Does your child have access to your Netflix account? How about Amazon or iTunes? Where else have they gone in cyberspace that might have their information—or yours? Open social media sites that are set to login automatically afford a wide vista of scamming opportunities to a bad guy.
What to do: Make sure your child gets into the habit of logging out of all their online accounts, and that they don’t store sensitive information on their laptops. Talk to them about the wisdom of not saving user ID and password information (I know, I know, it’s just so darn inefficient to demand security over convenience), and how to make a good one.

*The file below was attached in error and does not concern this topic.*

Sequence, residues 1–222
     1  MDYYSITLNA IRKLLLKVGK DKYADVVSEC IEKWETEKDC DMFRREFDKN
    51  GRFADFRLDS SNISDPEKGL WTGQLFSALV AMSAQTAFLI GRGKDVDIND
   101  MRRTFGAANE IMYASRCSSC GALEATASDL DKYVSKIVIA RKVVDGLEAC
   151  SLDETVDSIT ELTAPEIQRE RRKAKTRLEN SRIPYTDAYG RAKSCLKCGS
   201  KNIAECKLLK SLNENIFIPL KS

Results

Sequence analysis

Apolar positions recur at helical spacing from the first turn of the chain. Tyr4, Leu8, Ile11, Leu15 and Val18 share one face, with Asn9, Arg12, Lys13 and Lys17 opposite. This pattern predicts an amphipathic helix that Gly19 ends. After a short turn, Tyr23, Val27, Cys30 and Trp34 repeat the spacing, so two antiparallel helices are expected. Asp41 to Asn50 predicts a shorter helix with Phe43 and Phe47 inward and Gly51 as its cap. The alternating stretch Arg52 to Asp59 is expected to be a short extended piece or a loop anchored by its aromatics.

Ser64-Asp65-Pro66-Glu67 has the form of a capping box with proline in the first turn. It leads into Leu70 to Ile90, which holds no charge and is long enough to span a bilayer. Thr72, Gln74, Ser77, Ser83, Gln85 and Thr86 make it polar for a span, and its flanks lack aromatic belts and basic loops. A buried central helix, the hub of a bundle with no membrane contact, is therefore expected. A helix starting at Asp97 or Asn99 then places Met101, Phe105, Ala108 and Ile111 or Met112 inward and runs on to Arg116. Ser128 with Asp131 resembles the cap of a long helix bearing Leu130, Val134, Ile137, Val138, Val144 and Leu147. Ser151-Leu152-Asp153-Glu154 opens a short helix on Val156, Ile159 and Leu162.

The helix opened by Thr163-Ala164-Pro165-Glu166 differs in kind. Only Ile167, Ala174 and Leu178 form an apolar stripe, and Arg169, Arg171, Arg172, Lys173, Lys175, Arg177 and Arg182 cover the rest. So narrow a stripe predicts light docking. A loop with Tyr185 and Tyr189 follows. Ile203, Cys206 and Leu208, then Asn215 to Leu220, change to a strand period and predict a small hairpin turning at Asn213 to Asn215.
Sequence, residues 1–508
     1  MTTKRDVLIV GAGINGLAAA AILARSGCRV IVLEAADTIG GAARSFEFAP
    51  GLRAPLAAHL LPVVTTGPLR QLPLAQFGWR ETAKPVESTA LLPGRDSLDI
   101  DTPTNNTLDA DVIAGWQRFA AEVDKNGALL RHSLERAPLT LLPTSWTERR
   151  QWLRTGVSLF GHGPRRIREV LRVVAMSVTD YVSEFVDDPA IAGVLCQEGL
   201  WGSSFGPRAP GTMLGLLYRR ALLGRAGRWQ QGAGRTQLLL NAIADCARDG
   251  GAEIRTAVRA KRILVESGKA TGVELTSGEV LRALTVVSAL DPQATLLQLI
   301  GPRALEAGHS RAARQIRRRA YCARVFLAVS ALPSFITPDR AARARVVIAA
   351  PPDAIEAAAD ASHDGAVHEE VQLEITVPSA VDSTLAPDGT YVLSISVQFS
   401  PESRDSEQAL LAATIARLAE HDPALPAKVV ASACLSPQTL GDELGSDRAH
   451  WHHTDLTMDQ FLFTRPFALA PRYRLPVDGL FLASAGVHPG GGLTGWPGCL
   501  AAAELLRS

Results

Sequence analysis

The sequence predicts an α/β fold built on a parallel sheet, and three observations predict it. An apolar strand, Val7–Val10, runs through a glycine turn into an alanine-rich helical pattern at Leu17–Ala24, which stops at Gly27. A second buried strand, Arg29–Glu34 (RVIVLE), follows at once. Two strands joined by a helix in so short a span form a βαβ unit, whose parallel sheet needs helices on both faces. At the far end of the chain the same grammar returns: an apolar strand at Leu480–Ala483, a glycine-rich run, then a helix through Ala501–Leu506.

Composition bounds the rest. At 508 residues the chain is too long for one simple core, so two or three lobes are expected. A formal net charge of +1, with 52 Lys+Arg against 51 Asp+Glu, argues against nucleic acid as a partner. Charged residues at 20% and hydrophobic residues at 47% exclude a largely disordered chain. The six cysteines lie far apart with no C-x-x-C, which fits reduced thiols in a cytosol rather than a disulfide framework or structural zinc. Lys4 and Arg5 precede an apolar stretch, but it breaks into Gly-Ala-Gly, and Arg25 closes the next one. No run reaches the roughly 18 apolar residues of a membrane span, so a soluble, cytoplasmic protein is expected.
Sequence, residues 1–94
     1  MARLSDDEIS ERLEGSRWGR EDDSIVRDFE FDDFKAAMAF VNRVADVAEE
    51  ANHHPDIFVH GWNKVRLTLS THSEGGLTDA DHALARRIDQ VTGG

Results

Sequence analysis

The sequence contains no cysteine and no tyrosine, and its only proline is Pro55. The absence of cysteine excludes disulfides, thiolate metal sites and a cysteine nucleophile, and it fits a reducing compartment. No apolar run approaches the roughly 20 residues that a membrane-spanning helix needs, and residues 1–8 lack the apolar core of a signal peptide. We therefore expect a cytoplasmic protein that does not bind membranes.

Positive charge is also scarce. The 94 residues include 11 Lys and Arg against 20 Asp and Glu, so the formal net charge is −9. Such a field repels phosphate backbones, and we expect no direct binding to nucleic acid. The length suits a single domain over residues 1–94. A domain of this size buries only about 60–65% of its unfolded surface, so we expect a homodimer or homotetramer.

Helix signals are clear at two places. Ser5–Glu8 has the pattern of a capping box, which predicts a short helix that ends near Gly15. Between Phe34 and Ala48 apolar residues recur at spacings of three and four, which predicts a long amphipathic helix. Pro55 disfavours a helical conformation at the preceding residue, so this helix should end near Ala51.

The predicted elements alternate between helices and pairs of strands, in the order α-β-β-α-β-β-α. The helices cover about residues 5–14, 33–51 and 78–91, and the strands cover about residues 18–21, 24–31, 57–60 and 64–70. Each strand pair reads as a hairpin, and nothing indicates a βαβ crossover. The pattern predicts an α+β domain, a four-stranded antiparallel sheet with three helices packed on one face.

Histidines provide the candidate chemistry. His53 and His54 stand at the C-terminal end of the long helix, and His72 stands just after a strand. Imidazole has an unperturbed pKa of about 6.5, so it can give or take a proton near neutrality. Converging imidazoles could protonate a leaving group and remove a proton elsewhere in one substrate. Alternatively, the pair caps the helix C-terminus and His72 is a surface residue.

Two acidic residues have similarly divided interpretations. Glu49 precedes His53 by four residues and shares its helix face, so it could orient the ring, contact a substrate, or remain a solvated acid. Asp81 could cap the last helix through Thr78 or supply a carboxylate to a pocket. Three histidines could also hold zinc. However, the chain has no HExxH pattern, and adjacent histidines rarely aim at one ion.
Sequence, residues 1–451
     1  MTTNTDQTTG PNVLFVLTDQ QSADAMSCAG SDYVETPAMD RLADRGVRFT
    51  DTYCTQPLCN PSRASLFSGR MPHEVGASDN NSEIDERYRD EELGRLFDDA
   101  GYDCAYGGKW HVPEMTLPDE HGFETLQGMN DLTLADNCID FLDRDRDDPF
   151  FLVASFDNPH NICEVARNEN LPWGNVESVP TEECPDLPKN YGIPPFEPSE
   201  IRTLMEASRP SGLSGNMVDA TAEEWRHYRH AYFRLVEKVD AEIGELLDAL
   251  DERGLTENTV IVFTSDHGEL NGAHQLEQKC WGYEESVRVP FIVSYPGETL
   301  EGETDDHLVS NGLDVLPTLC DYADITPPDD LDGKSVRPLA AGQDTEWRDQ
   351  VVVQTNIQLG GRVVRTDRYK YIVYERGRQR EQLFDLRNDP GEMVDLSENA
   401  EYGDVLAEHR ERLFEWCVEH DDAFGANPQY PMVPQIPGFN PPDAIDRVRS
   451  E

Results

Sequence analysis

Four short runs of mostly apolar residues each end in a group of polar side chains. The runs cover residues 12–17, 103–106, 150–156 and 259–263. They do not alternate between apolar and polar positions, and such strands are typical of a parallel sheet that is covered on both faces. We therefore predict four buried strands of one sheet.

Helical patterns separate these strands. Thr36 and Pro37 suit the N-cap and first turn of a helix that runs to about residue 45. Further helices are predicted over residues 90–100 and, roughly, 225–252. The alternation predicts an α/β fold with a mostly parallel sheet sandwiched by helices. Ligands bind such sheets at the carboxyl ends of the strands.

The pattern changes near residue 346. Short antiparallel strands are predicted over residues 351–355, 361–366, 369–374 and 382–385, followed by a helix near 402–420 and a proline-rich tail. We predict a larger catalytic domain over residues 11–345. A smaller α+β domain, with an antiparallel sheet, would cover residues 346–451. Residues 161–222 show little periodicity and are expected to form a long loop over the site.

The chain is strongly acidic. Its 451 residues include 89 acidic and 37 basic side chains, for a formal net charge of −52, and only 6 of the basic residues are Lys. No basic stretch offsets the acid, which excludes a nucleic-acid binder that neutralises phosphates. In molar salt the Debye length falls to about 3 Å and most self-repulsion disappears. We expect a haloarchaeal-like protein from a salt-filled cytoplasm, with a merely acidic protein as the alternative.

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Finally, have your child set a password—shared with you—to protect their device against the wrong person accessing it.
quicklist:title: Keys & Name Tagstext: So, this is pretty straightforward: If your child uses a karabiner to attach his or her keys to their backpack, you’ve got a robbery waiting to happen. Backpacks don’t have to have a name-tag with your child’s address and your home phone number to lead a thief to your home. Better to put your office number.
Additionally, there are apps like KeyMe, that allow a fraudster (as well as a person who might want to use the app to avoid unnecessary inconvenience) to make a copy of a key that any locksmith can duplicate.
What to do: Tell your child to keep the keys to your home in their pocket rather than on their back.